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The Help

A book by Kathryn Stockett.

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An amazingly satisfying first novel--except for the very end.

  • Apr 9, 2009
From page one until almost the last, this story impressed me on many levels--

As a writer, I was impressed and envious that a first novel could be SO good.

As a reader, I fell in love with the voices of the book's 3 main characters--Skeeter, Aibileen and Minny--and never wanted their story to end.

As a human being, the stories of black servants and their white employers in 1960s Mississippi alternately wrenched my heart and created a bitter knot in my stomach. As a white person, the attitudes of (most of) the white characters in this story are an embarassment to me. I know it's just a novel--but I also know (even with not having lived any further south than Virginia--that these attitudes are not fiction.

The bond between Aibileen and Mae Mobley, one of the two white children she cared for, was beautifully drawn, as was Aibileen's hope for MaeMo to grow up a different kind of white woman than her mother and most other white women who inhabit the story.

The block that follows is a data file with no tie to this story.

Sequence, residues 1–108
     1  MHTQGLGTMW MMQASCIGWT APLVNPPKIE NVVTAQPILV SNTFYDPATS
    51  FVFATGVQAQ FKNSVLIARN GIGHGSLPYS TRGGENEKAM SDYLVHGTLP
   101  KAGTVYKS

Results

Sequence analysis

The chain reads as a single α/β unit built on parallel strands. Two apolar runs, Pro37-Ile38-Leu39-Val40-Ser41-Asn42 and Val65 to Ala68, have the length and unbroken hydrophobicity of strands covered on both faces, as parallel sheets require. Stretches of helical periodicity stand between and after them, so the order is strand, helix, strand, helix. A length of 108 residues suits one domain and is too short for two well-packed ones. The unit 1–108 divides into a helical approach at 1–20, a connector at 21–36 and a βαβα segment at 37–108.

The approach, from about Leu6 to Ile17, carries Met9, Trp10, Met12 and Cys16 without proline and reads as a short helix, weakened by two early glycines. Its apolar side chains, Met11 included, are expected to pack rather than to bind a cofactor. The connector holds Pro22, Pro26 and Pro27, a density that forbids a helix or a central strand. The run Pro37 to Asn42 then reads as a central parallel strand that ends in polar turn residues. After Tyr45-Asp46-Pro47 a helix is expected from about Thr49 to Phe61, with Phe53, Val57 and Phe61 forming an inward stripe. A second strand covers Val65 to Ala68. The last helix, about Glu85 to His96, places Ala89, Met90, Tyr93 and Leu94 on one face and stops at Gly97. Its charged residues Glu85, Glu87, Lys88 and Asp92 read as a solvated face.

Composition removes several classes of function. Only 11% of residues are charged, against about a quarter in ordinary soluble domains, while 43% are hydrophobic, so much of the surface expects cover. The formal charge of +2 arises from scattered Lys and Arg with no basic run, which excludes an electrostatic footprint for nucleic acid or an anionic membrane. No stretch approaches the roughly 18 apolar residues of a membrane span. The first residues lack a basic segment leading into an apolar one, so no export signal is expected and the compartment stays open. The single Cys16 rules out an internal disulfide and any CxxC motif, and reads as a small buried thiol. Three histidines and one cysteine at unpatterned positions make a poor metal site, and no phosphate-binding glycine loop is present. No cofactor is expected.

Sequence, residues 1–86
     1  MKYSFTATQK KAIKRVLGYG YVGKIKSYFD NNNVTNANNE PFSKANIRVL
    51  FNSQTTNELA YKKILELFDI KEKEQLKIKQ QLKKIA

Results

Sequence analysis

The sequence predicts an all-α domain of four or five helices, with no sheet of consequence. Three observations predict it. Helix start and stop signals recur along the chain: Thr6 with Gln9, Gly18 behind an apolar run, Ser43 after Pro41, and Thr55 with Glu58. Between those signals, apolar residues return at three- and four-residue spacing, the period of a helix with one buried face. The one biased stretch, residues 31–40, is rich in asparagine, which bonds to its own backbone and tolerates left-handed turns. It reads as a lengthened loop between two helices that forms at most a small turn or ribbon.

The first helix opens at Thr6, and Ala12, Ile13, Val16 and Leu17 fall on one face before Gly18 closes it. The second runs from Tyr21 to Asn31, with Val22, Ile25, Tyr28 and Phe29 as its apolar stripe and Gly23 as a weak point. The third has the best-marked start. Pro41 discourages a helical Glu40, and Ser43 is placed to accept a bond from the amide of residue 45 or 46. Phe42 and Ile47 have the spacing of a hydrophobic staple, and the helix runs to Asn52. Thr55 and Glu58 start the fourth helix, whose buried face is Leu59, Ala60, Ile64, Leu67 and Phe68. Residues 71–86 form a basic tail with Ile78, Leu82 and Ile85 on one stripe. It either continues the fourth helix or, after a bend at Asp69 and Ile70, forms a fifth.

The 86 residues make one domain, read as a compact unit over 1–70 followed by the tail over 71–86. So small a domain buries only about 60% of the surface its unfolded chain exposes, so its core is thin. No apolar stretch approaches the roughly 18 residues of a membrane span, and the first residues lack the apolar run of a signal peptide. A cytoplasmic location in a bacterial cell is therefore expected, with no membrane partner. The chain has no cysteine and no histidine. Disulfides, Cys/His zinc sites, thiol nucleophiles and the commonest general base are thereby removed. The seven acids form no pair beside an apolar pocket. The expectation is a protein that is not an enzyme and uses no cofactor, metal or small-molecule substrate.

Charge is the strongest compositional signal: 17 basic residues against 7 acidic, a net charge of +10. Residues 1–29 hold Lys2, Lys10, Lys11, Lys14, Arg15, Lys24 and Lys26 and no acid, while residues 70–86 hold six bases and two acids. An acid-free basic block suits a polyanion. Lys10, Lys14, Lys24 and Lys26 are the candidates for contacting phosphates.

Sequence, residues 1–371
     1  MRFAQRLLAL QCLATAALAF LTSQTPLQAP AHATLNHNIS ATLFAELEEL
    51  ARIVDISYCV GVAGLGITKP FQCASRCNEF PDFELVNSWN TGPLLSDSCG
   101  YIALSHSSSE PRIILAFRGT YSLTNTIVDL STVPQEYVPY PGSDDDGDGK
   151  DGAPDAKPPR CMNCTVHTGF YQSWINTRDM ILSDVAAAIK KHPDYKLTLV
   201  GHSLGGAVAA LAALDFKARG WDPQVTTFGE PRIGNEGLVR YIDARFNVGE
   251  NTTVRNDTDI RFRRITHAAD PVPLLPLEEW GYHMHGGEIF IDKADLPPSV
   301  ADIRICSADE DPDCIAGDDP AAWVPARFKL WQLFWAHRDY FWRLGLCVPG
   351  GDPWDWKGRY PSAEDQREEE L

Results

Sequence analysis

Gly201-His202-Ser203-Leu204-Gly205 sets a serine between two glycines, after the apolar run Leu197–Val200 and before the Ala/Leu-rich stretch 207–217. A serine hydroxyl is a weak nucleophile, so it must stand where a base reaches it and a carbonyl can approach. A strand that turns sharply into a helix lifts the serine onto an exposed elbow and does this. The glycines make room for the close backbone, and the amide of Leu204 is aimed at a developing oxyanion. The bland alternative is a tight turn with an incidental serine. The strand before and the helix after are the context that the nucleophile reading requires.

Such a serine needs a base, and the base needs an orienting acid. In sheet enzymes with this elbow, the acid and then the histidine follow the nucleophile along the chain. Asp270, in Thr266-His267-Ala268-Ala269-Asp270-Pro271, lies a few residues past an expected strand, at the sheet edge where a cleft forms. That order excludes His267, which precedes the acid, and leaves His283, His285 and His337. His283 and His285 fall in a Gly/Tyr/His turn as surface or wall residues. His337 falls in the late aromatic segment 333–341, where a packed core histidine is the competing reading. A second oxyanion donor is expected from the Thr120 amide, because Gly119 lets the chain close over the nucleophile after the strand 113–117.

The balance these characters had to dance between wanting to do something that felt RIGHT--something that mattered and might help the next generation have a better life--and the fear of doing so in that racially explosive time and place was palpable throughout much of the story.

In the last half of the book, I was reading while watching TV--something I don't think I've EVER done before--reading during commercials, reading in bed, reading on the porch...I felt that I HAD to keep reading. Until the last chapter or two, I was absolutely convinced that I was going to give this book a 5-star review. I was telling everyone I knew about it and recommending it heartily.